Sport Taekwondo gives value to the factors of power, accuracy, and strategy, and gives higher value to the use of more difficult techniques. It stresses that to execute a proper technique; you must have a resisting opponent. Because of the rules of sport sparring, it is possible to predict the actions of your opponent and to technically and psychologically manipulate and dominate your opponent.
Traditional Taekwondo stresses that the purpose of performing a technique properly is so that it may be used to strike with enough force to disable or possibly kill an opponent—the philosophy of "one strike, one kill." This is why traditionalists say they cannot use their techniques in contact competition, thus they cannot achieve this purpose during sparring. Instead, breaking is used to test the "lethality" of techniques.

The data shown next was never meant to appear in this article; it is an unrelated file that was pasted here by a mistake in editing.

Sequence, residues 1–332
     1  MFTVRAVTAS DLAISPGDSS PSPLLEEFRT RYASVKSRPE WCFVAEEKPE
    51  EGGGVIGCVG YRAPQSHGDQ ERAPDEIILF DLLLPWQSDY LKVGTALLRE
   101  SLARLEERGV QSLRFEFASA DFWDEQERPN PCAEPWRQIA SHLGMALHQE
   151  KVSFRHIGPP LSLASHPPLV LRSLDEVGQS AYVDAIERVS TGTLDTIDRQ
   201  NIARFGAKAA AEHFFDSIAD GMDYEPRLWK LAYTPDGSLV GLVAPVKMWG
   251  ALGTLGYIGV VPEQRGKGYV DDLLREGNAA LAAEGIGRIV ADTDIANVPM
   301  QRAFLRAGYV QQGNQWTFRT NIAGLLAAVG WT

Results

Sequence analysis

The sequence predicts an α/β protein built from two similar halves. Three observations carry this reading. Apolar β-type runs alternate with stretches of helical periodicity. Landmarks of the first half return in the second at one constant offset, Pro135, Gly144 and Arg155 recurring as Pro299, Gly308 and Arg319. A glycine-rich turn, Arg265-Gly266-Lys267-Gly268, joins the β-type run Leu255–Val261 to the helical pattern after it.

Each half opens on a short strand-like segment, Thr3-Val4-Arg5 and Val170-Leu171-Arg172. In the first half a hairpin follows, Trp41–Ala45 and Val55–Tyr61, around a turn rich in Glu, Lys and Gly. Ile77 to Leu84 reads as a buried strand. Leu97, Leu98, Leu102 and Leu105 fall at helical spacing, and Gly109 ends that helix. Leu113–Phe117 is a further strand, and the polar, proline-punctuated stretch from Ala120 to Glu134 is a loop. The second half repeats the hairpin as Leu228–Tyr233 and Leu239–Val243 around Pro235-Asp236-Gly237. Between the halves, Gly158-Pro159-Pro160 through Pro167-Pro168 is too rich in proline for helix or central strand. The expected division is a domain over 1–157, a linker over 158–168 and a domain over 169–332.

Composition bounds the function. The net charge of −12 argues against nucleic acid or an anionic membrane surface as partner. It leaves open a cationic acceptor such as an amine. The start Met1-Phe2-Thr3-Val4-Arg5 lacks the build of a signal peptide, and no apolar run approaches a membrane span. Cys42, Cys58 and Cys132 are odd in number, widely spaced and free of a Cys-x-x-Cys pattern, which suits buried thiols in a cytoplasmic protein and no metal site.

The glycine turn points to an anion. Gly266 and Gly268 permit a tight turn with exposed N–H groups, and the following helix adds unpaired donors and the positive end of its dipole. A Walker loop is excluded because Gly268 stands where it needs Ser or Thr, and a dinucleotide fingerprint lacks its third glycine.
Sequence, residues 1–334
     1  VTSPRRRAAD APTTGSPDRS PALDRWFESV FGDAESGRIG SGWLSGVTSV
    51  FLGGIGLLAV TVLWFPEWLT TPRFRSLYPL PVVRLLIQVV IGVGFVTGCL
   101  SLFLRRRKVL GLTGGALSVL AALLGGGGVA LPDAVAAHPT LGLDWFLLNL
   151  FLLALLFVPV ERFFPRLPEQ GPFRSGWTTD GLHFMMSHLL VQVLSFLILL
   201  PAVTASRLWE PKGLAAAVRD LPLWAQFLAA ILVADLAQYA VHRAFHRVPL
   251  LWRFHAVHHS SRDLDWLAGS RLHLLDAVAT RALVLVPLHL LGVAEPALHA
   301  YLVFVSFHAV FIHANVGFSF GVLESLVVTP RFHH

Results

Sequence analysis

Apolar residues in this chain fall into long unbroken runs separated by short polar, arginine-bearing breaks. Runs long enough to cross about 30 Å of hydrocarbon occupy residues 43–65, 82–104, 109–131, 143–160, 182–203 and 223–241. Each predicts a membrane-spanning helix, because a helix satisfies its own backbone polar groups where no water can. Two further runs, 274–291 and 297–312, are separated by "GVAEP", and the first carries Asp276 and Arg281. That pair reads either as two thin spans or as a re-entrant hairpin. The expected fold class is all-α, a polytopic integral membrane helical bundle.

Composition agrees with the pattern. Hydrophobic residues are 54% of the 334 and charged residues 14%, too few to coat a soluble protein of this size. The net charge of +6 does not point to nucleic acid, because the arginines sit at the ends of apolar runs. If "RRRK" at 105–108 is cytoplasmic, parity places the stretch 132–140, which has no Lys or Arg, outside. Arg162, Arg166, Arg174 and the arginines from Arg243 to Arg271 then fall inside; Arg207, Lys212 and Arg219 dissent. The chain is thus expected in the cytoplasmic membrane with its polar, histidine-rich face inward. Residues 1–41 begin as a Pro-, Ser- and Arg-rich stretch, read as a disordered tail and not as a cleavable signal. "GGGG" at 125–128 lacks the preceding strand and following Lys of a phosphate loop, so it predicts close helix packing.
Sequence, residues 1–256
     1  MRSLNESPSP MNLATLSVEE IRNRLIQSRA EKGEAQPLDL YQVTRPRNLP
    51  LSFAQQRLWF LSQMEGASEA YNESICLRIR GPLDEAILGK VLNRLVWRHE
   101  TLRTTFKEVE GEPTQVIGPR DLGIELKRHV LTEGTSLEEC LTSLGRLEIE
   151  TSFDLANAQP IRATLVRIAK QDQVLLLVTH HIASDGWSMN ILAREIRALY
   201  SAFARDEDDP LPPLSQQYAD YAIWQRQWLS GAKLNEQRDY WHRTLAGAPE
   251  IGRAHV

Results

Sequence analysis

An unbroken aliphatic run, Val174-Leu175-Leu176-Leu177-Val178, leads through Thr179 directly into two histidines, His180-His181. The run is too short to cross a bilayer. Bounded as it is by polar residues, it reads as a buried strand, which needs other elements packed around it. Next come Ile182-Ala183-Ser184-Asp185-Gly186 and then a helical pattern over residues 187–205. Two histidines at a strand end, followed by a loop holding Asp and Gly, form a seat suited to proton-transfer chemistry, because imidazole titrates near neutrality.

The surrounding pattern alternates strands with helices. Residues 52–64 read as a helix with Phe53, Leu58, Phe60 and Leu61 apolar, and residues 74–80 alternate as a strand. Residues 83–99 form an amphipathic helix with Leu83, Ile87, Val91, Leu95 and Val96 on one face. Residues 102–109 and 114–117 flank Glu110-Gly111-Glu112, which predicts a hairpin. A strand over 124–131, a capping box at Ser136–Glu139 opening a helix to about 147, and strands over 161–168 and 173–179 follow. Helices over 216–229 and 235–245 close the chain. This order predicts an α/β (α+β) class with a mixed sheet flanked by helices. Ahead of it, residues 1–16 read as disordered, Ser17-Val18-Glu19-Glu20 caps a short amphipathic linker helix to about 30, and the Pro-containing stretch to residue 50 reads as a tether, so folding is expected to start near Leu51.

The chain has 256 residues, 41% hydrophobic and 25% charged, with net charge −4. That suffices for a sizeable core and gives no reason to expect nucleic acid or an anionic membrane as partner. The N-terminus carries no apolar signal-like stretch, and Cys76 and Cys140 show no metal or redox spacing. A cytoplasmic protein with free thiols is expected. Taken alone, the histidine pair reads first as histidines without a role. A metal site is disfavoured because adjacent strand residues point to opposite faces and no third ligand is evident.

Disagreements about what Taekwondo should become, led to a split between traditional Taekwondo (the martial art) and the new competitive Taekwondo (sport). Traditional Taekwondo is based almost entirely on Japanese principles, concepts, and techniques. Its four core training methods, patterns (poomse or hyung), breaking (kyukpa), sparring (kyorugi), and self-defense techniques (hoshinsul, are Japanese in origin. Sport Taekwondo did not develop the philosophies and concepts needed to supplant those that traditional Taekwondo adopted from karate, so it is still perceived as a subset of the original Taekwondo.
Taekwondo began to spread around the world.
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